I want to take this opportunity to associate myself closely with the tributes paid in the debate to Britain's armed forces of today and in particular to those who served us so well in the Gulf. I have not had the opportunity to do so before. Many of those service men were from the Fleet Air Arm base which I am proud to represent in this place.

The RAF and the coalition air forces did a fantastic job in maintaining air supremacy and, as a consequence, our casualties were, thank goodness, exceedingly low. It was, however, an unpleasant war and that is clearly revealed by the war diary of the battalion in which my son served. I read it this morning and its says: We trained for and fully expected a dour and unpleasant fight with an enemy who was both dogged and well equipped. The prospect of chemical or even biological warfare was a daunting thought, let alone the prospect of close infantry work at the point of a bayonet. Our troops did well and they performed as their forebears have always performed. I believe that our Government, the Prime Minister and Ministers at the Ministry of Defence, performed well at that time, too, and they deserve credit for that.

After the changes in world politics no one recognises better than the service men whom I have mentioned and defence factory workers, of whom I represent a large number, that changes have to be made and that our forces have to be smaller. However, the Government have been cautious by not going too far in certain respects; in particular I have in mind the Government's order for the best anti-submarine warfare helicopter that they could buy to protect the Royal Navy. That will keep the Royal Navy ahead in that field well into the next century. Ministers and the companies concerned that are developing that very expensive system deserve full credit for this. I know that Westlands is determined to meet the challenge.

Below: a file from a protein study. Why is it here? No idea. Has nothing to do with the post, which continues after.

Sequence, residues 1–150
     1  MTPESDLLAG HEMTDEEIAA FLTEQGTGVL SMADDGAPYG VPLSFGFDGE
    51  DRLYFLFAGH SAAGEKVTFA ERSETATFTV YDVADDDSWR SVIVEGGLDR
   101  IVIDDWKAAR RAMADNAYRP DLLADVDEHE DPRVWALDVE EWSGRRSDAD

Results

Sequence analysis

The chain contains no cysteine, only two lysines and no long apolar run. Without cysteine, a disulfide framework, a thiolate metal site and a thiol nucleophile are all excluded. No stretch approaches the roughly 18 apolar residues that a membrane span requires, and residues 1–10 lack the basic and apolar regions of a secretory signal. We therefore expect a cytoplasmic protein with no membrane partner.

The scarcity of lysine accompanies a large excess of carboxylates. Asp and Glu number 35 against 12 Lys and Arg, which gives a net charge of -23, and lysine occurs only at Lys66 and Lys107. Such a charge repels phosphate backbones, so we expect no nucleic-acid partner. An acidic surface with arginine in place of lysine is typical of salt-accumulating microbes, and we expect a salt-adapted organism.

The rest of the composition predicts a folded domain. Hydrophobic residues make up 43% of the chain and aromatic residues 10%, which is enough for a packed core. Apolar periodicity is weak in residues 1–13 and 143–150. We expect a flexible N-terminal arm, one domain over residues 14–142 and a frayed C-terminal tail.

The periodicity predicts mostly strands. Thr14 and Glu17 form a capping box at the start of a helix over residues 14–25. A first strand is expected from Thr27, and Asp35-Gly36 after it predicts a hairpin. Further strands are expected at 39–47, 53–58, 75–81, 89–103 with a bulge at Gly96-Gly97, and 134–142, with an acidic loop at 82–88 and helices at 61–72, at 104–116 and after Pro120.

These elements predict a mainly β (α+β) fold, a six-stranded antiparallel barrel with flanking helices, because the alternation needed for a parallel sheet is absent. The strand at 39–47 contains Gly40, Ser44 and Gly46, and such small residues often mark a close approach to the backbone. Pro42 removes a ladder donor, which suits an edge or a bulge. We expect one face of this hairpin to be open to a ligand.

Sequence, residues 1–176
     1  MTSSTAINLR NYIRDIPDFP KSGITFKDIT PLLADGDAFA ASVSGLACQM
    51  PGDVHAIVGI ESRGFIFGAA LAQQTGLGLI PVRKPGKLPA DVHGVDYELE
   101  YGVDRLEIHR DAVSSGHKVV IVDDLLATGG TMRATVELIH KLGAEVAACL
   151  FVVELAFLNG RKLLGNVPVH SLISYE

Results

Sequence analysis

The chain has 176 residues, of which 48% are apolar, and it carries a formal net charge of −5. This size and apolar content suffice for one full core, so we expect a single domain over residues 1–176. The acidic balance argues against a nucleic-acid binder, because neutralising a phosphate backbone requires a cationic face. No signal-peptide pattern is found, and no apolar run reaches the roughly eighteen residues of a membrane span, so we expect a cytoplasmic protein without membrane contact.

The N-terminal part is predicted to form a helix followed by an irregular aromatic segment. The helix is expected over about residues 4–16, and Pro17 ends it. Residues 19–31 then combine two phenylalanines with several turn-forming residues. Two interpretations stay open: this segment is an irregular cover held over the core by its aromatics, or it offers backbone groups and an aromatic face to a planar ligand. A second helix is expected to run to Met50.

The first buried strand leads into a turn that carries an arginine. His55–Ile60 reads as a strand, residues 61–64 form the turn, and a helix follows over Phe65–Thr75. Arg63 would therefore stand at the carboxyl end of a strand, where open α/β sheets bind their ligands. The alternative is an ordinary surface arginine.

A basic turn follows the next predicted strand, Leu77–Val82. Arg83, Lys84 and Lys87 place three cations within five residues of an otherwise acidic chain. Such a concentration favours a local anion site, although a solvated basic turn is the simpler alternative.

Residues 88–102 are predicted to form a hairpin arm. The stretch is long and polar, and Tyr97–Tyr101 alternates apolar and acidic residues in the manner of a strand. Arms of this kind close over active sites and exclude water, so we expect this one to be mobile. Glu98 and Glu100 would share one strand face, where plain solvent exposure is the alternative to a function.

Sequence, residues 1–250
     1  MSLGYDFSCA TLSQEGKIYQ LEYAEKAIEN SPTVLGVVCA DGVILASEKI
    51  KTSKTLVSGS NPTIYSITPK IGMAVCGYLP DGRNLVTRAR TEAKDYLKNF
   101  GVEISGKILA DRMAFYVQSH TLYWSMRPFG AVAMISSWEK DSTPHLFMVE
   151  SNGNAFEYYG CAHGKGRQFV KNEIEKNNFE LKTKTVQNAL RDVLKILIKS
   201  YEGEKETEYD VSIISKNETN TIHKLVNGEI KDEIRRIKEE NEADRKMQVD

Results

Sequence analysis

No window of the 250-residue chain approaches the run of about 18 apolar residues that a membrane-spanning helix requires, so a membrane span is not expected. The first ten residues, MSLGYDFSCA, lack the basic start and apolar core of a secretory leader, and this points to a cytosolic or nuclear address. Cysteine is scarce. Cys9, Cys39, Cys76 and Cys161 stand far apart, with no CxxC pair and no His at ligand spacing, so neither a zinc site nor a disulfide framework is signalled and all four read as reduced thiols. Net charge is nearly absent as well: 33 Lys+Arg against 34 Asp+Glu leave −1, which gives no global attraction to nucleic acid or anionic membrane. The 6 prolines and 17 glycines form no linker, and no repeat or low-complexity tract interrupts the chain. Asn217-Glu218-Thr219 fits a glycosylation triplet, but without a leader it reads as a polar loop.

Alas, I cannot continue my catalogue of praise when it comes to the Army. The balance of the reductions goes too deep in the case of the number of infantry battalions. There is, of course, no major commitment for our forces that can be envisaged which we do not share with one or other of our allies—principally the United States—or perhaps on behalf of the United Nations.

However, our military experience and presence in significant numbers is very often essential in adding a restraining hand on such allies in out-of-area danger spots. We should not forget that. In his usual entertaining and interesting Punch and Judy show, the right hon. Member for Leeds, East (Mr. Healey) reminded us that we are not out of the woods yet with regard to contemplating and planning for disasters and unexpected threats to our security and to those of our friends and allies who might call for help.

Yesterday my right hon. Friend the Member for Brighton, Pavilion (Mr. Amery) posed a crucial question about another Falklands or another Gulf conflict and he received a considered answer today. However, that answer confirmed my worst fears. Should we regrettably have to take part in a similar operation, we would have nothing left in the locker, just like that awful day—15 September 1940—when we could not put another squadron into the air. The important point is the lack of reserves when a disaster occurs. We have been terribly lucky in recent conflicts not to meet a high attrition rate. That is what so concerns me.

The proposed reduction in the infantry to 38 battalions, two of which are somewhat limited in their deployment —the Gurkhas—goes to the heart of the problem that worries me and others. The worries are not simply felt by a rusty old firearm on the wall like myself, whether or not his is ill or well bred. The concerns are shared by many in the services today. Not just the senior brass at the peak of their careers may necessarily be worried, but the bright and up-and-coming middle rank officer who will have to see the changes through and the very respected long-serving senior non-Commissioned officers are worried. They have seen and felt the overstretch of unaccompanied tours over recent years. They are aware of the shortage of troops and the extra numbers that are required from time to time as a result of the energency in Northern Ireland and they are aware of the effects on morale, on families and on recruitment. They believe that the changes to the infantry will make it much harder for them to do their proper jobs. Those are serious charges and I am afraid that the comments of my right hon. Friend the Secretary of State yesterday did not give me real confidence that they are being answered.